The Certificate of Vote indicates the candidate who is receiving that state’s votes, the number of votes, the names and signatures of the electors, the signature of the secretary of state, and the seal of the state.
In the event that a state allows for multiple candidates to get votes, such as Maine or Nebraska, or if the is a faithless elector who votes for someone other than their pledged candidate, all candidates which received electoral votes will be on the Certificate of Vote.
Here is a direct quote from the 2012 Certificate of Vote from the State of Arizona which is displayed on the National Archive Website.
To the Honorable President of the Senate,
We the undersigned being the duly elected, qualified, and acting presidential electors for the State of Arizona, do hereby certify that on the 17th day of December 2012 AD at and within the City of Phoenix, County of Maricopa, State of Arizona, duly and regularly met and convened and then and there, by the authority of law in us vested, voted for President of the United States of America, with the following result: Mitt Romney 11 Votes
There is a similar document for Vice-President. The documents can vary between the states, but they all basically say the same thing.
You can view the Certificates of Vote for each state by searching online. They are easy to find, but almost no one actually bothers to look at them.
Original versions of the Certificate of Ascertainment must be attached to the Certificate of Vote and sent to the following: President of the Senate, aka the Vice-President, the Archivist of the United States, the Secretary of State for the particular state, and the Chief Judge of the Federal District Court of the district where the state is located.
There is a deadline for the President of the Senate to receive the Certificates of Vote from every state.
The Office of the Federal Register will then work with the President of the Senate to collect the certificates and prepare them for the count.
The new congress will be sworn in on January 3 at noon as per the constitution.
On January 6, in a joint session of Congress, the Counting of the Electoral Ballots will take place.
The Vice President will open the vote certificates and pass them to four members of Congress, who count the votes. Each chamber appoints two members, one from the majority and one from the minority party.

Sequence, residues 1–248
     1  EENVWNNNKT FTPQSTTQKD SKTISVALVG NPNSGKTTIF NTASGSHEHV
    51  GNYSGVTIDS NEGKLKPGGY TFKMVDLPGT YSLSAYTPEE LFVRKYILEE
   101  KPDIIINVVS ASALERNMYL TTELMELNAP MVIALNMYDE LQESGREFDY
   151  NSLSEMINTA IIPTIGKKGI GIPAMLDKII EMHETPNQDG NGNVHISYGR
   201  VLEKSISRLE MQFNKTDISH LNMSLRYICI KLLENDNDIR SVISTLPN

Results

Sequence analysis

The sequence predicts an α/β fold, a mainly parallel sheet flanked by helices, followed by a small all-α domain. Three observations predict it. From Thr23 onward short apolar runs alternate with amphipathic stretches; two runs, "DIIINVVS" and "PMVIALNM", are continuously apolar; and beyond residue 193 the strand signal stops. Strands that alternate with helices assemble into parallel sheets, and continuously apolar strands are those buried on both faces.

The Certificates of Vote are read in alphabetical order for each state.
Members of Congress are allowed to make objections during the counting, however, all objections must be in writing and must have a member from each chamber sign it. Debate is not allowed during the session.
If there is a valid objection in writing with signatures from at least one senator and one representative, each house must debate it separately for up to 2 hours.
This did happen in 1969 and 2005. Both houses debated but didn’t agree to reject the votes.
This actually seems like a massive loophole in the law. If both houses agree, they could just invalidate any electoral votes they want and basically pick the president. Of course, the Supreme Court could step and overturn any invalidated votes, but it is still a pretty big loophole.
Congress does not vote to approve the electoral votes. Once the votes are read, the president of the Senate simply notes the results of the election and adjourns the session.
If no one gets a majority of the votes, a contingent election is held in the House of Representatives where each state gets one vote.
You can go and watch the counting of the electoral ballots as CSPAN has a copy of it online. Most members of Congress don’t even bother to show up. The chamber was half empty when it happened in 2016.
If you are a nerd about this stuff, it is really interesting.
Once the counting of the electoral votes is over, the next step is the inauguration.
The incoming president will take office at the stroke of noon on January 20th, in Washington DC. The vice president is sworn in first, and then the president.
If you are watching the inauguration, actually pay very close attention to the time and sync your clock to an atomic clock. The completion of the oath of office is usually under a minute to the stroke of noon.
The constitution requires that the oath be taken before executing the duties of the president. So, in theory, there could be a very short period of time where someone is president, but couldn’t actually execute any of the duties of the president because they haven’t yet taken the oath.
While in practice the oath is administered by the Chief Justice of the Supreme Court, in theory, anyone could administer the oath of office and it isn’t specified who should administer it. Calvin Coolidge was sworn in by his father who was just a notary public.
So, that’s how it works. There is actually a whole lot more paperwork that goes on behind the scenes than most people realize, but it is those documents that make everything official, and that is how a president is actually chosen.